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Preparing for the legal issues of drones on the farm

Peggy Kirk Hall Published on 29 May 2015

There is growing interest in the many applications that drones, or small unmanned aerial systems (small UAS), offer farm and ranch landowners. These remotely controlled vehicles, weighing up to 55 pounds, carry cameras, infrared sensors and other technology that allow a landowner to monitor crops, livestock, waterways, boundaries and more.

But this new technology raises legal issues, which means farmers and ranchers should prepare now to ensure legal issues won’t compromise the ability to capitalize on drone technology. Consider these five areas of legal concern if planning to use a drone for your operation.

1. Federal regulations
The Federal Aviation Authority (FAA) finally released proposed regulations for small UAS this February, but the regulations likely won’t be in place for another year.

The proposed rule fills a regulatory gap that now ties the hands of those who want to fly drones legally for agricultural uses because the FAA has determined such uses to be “commercial” and not within the hobby/recreational flight exemption from FAA regulation.

Instead, operators must obtain authorization from the FAA to conduct “commercial” flights – a lengthy and uncertain process that requires a pilot’s license.

The proposed small UAS rule will create a new category of regulation that will allow farmers and ranchers to operate a small UAS by complying with the following:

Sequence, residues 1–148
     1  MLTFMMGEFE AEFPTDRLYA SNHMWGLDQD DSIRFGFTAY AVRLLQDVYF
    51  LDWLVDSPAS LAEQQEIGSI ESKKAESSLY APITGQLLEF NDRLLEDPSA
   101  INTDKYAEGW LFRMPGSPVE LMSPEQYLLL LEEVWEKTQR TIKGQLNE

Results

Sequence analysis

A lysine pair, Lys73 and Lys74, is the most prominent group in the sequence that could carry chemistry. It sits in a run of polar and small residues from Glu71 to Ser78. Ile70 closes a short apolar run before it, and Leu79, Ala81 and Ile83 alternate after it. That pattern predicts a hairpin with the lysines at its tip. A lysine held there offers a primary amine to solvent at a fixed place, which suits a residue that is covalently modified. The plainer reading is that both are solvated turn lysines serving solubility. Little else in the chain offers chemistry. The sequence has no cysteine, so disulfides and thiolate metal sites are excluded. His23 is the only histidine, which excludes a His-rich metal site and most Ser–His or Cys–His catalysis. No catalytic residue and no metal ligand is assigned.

• The small UAS operator must have an “unmanned aircraft operator certificate with a small UAS rating,” which requires the applicant to be at least 17 years old, speak English, have no state or federal drug offenses or physical or mental conditions to prevent safe UAS operation and passes an initial aeronautical knowledge test and a recurrent test every 24 months.

  • Aircraft registration with the FAA

  • Aircraft markings indicating registration and nationality

  • Maintaining aircraft in a safe condition

  • Pre-flight inspection and assessment

  • Maintaining a visual line-of-sight with the unmanned aircraft, using only human vision unaided by any device other than glasses or contact lenses.

    “Visual observers” may assist with this requirement if the operator and visual observer maintain constant communication, which may be through communication-assisted devices, and the aircraft remains close enough to the operator to maintain the visual line-of-sight.

The following are operating limitations which prohibit flying a small UAS:

  • More than 500 feet above ground level

  • More than 100 mph

  • After daylight, which is the time between official sunrise and sunset

  • When there is not minimum weather visibility of 3 miles from the aircraft’s control station